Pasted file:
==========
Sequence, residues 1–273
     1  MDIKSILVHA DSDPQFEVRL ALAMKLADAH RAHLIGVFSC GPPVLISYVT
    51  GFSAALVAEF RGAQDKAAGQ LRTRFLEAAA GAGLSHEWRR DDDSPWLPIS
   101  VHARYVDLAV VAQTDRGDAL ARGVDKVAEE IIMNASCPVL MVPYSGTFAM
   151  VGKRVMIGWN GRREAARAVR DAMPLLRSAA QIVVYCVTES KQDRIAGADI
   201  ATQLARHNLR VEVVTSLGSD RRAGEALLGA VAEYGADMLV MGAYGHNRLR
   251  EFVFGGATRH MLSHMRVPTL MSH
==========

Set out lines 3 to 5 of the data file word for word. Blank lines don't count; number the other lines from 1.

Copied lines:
    51  GFSAALVAEF RGAQDKAAGQ LRTRFLEAAA GAGLSHEWRR DDDSPWLPIS
   101  VHARYVDLAV VAQTDRGDAL ARGVDKVAEE IIMNASCPVL MVPYSGTFAM
   151  VGKRVMIGWN GRREAARAVR DAMPLLRSAA QIVVYCVTES KQDRIAGADI